This week, high schools across New York City and State are participating in College Application Week from October 17-21, a statewide initiative around college planning and application activities in an effort to increase the number of low-income and first generation students applying to college.
For the first time since it began four years ago, a record 365 high schools across every borough are participating in College Application Week, reaching more than 53,000 students. Schools are providing a series of events ranging from workshops and panels on the path to college for 9th graders, to college and financial aid application sessions for 12th graders.
As the daughter of Puerto Rican born parents who moved to the Bronx knowing very little English and the first person in my family to go to college, I know how difficult the college process can be – especially filling out college applications and financial aid forms. But I also know that whether or not our young people go to college shouldn’t be decided by what neighborhood they live in or what language they or their parents speak.
Our goal is to reach and inform every parent, grandparent and guardian about the college process, remind all our students that they can pursue college, and give them and their families the support they need to do that.
At the numerous town halls and family events I’ve visited across the city, I’ve seen families eager to get information about the college process in all grade levels. Parents and grandparents today want the same thing my parents once wanted for my siblings and me – a shot at success.
That’s why here at the DOE – teachers, school staff, and administrators are all committed to Equity and Excellence for All, a range of initiatives that we are implementing through a variety of programs like College Access for All, which works to improve the college process for all students and families and put more students on the path to college.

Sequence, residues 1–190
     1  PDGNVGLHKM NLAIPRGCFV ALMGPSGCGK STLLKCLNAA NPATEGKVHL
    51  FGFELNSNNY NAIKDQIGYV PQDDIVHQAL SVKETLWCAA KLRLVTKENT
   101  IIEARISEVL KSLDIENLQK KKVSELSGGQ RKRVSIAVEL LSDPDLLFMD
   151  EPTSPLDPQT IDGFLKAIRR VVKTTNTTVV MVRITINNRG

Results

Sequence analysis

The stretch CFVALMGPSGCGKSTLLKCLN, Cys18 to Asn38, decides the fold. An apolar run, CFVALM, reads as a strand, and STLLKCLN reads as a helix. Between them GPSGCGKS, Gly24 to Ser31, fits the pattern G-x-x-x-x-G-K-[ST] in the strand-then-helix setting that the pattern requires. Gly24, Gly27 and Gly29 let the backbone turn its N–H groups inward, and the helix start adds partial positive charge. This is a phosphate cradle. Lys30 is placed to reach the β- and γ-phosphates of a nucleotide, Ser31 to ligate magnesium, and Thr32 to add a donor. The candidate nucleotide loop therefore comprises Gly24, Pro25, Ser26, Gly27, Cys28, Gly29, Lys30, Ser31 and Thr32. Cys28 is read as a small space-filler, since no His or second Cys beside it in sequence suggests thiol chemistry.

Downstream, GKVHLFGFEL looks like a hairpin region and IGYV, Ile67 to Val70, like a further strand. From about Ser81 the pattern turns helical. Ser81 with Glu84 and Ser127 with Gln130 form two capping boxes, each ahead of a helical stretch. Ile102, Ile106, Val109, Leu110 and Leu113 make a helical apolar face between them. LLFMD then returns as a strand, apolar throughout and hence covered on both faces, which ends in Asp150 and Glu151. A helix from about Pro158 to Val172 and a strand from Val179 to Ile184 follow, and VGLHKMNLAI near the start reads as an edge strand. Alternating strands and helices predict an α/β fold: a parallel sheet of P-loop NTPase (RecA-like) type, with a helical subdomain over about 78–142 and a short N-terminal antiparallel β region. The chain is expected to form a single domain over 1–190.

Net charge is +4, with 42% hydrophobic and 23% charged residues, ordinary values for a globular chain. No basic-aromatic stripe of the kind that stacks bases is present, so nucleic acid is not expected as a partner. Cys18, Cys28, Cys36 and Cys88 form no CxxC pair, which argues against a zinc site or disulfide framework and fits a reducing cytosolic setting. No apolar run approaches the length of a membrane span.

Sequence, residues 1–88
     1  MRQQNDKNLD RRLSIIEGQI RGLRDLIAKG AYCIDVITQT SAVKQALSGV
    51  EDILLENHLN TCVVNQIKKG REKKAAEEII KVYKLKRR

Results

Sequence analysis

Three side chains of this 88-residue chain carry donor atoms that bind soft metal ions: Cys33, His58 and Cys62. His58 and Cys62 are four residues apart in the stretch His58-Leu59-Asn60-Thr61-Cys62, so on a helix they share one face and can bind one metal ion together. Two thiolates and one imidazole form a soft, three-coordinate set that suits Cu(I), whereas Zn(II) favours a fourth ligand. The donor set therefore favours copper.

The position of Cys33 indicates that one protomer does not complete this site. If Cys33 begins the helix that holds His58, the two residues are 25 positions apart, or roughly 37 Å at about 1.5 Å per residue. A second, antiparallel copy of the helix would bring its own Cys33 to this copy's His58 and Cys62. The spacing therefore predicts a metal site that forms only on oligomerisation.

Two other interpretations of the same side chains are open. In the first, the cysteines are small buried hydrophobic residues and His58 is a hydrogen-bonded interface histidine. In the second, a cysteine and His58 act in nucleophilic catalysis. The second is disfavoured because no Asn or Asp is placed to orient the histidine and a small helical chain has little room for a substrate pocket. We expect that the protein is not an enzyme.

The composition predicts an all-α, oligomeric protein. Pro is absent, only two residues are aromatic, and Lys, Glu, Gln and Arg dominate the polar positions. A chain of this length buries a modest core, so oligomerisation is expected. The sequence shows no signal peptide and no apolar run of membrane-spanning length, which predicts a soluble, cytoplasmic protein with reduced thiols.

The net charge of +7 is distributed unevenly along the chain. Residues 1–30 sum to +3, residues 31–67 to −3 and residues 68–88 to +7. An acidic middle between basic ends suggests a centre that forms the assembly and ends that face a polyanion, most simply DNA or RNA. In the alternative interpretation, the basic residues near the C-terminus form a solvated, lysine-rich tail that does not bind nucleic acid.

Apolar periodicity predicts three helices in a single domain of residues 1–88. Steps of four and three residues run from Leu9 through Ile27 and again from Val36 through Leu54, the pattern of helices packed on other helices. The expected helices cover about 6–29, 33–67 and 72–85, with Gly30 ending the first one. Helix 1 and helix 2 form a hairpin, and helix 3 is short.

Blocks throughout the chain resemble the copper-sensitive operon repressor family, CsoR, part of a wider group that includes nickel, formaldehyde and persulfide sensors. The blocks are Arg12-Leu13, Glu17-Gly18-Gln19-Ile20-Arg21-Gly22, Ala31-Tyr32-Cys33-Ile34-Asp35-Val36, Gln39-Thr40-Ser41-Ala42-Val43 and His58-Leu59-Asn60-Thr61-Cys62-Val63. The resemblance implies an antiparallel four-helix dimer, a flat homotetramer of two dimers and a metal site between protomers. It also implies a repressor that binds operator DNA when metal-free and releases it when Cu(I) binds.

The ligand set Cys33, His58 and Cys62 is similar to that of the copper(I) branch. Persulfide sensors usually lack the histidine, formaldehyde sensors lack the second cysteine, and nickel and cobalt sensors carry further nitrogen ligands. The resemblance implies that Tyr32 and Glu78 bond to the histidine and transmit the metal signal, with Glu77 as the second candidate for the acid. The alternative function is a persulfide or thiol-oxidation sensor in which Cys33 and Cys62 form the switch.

By making the path to college accessible for everyone, we are going to make a real difference for students and families.
We are removing barriers and giving our students and families the support they need to go on to college and careers – from making the SAT available for free during the school day, to eliminating the CUNY application fee, to increasing the number of AP courses, to bringing a record number of schools into College Application Week this year. College Access for All will also ensure that, by the 2018-19 school year, every student will have the resources and support at their high school to graduate with an individual college and career plan.
Our schools will continue to share information about College Access for All as we move forward, and I am excited to work with parents as partners as we make these initiatives a reality. Additional information on College Application Week and college planning tools and resources for students, families, and educators are available at: http://schools.nyc.gov/Offices/OPSR/colleg eapplicationweek
(Yolanda Torres is Executive Superintendent of the Division of Family and Community Engagement)